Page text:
Article Text

Influence of alternative husbandry systems on postmortem findings and prevalence of important bacteria and parasites in layers monitored from end of rearing until slaughter
  1. Angelika Zloch1,
  2. Sabrina Kuchling2,
  3. Michael Hess1 and
  4. Claudia Hess1
  1. 1Department for Farm Animals and Veterinary Public Health, Clinic for Poultry and Fish Medicine, University of Veterinary Medicine Vienna, Vienna, Austria
  2. 2Division for Data, Statistics and Risk Assessment, Austrian Agency for Health and Food Safety (AGES), Graz, Austria
  1. E-mail for correspondence; claudia.hess{at}


In the present study 66 layer flocks housed in different alternative husbandry systems were monitored from placement of birds on the farm until slaughter to evaluate a possible influence on the occurrence of selected non-infectious as well as infectious diseases. Postmortems were performed and the occurrence of extraintestinal Escherichia coli and Gallibacterium anatis was investigated. No specific postmortem findings were seen in pullets. Non-infectious diseases were mainly found in layers. Most prominent postmortem findings in layers were reproductive tract lesions and the presence of intestinal helminths. From each flock E coli and from approximately 65 per centof the flocks G anatis were isolated. No significant differences were seen in regard to the housing system, but the prevalence of G anatis increased with the age of birds. The majority of reproductive tract lesions could be associated with E coli alone or G anatis co-infections. The prevalence of Ascaridia galli and Heterakis gallinarum was not influenced by the housing system, but significantly increased with age. Cestodes were present in six flocks. Histomonosis was detected twice. Dermanyssus gallinae was found in 5 pullet and 20 layer flocks. Additional investigations were performed on demand. Again, reproductive tract lesions were the most prominent postmortem findings. In one flock each histomonosis or erysipelas was diagnosed, respectively. Severe affection by D gallinae was found once. Necrotic enteritis was seen in two layer flocks.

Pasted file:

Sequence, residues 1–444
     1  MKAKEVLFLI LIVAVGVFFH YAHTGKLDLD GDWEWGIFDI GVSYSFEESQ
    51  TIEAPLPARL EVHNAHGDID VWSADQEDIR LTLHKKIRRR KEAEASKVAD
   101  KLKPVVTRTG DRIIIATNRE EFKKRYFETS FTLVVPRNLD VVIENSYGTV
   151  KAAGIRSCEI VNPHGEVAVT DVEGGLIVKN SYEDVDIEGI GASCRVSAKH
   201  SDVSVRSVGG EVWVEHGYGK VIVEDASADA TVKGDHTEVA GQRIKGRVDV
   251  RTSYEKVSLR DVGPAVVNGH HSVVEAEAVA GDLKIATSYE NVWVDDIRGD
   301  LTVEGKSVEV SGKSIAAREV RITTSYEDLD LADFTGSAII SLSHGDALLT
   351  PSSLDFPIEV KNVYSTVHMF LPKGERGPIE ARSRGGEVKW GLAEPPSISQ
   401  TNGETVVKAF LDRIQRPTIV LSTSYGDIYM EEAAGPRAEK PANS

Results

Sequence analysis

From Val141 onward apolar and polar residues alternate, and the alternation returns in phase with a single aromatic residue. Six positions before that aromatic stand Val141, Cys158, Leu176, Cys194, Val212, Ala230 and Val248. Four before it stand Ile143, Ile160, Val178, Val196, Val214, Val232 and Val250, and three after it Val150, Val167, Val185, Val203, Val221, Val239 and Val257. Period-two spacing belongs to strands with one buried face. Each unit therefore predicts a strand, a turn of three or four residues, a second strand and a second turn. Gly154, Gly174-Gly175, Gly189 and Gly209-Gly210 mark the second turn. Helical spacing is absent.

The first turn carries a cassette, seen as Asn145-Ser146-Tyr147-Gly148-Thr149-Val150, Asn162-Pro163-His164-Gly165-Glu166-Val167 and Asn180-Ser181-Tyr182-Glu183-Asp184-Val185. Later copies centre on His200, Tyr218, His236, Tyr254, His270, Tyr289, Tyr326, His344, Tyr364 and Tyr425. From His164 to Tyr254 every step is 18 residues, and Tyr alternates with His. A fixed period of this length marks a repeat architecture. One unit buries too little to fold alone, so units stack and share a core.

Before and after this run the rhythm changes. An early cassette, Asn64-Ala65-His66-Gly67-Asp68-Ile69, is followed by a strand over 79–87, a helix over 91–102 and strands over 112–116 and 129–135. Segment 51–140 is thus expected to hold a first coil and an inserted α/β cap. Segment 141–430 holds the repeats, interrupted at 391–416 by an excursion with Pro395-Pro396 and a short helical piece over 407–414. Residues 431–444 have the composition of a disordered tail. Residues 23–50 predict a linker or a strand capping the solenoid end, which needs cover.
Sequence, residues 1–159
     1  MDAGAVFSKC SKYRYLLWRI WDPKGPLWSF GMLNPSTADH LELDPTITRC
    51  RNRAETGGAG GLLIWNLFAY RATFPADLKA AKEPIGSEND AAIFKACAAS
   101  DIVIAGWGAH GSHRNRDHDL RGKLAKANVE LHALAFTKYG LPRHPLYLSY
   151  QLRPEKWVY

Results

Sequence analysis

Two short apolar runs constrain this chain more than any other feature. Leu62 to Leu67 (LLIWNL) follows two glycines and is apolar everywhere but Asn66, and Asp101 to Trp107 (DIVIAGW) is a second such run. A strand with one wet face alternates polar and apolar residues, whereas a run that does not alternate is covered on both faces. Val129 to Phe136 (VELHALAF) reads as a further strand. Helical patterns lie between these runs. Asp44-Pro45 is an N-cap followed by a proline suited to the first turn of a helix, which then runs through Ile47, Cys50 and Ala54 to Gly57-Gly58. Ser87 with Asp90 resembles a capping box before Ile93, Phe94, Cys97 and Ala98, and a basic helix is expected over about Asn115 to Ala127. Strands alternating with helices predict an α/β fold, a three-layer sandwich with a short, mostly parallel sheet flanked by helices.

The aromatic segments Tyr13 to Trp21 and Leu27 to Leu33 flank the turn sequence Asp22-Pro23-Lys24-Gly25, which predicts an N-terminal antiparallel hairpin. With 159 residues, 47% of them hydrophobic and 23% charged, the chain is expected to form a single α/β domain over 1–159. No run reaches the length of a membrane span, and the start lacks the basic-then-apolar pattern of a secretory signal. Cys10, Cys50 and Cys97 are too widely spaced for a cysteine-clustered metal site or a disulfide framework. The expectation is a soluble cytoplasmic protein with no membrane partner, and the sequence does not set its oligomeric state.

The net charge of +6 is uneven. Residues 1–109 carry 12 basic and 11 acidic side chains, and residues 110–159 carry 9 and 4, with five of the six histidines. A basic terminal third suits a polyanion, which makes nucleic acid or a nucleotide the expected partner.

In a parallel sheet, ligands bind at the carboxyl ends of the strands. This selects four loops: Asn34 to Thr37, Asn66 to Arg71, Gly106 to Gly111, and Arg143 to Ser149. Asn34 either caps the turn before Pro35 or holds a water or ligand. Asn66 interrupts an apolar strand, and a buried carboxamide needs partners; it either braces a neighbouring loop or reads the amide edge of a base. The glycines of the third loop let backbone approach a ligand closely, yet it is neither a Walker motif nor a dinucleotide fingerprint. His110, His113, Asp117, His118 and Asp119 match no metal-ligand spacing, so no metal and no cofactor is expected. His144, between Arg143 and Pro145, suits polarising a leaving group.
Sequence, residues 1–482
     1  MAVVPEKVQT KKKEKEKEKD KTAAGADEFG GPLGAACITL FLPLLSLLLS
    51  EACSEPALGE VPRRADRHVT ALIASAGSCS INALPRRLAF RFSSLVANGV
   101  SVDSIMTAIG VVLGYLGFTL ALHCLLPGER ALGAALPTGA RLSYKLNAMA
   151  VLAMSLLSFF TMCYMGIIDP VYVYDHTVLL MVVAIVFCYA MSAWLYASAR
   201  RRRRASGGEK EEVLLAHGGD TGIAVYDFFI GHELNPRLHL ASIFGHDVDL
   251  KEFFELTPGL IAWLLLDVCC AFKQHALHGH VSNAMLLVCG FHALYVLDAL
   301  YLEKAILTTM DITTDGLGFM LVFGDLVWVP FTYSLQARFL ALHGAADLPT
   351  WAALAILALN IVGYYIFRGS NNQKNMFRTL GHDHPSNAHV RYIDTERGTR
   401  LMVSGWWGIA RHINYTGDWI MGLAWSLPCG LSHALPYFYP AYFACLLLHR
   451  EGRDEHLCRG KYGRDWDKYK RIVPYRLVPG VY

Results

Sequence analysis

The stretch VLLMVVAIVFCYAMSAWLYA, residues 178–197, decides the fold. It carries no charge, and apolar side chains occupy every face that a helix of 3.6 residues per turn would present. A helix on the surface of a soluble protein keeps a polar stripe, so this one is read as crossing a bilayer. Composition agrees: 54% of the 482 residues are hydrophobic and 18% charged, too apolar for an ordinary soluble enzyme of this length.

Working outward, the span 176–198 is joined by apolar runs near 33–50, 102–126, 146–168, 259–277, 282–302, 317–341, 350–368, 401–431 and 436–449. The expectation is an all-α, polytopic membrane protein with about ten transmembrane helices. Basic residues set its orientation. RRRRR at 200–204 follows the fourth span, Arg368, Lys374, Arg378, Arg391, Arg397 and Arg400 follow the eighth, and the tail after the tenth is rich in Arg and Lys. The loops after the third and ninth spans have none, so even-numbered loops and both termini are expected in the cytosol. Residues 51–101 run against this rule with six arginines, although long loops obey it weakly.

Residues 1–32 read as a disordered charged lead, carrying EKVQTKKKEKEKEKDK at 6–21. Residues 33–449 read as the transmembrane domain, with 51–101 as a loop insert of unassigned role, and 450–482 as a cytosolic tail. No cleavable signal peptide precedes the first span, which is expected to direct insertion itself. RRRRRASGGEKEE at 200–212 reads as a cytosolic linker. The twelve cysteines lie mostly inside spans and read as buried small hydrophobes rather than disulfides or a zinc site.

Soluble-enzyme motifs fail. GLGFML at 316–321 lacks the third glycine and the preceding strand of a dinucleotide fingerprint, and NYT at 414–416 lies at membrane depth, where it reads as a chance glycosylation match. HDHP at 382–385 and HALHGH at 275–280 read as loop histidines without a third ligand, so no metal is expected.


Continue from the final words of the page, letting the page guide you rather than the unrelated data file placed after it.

• layers
  • alternative husbandry systems
  • post-mortems
  • bacteria
  • parasites

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  • Funding This work was supported by the Federal Ministry of Health, the Federal Ministry for Agriculture and Environment and the Vet Arbeitskreis Gefluegelforschung (VAG) [grant number 100687 (LAGMUS)].

  • Competing interests None declared.

  • Provenance and peer review Not commissioned; externally peer reviewed.

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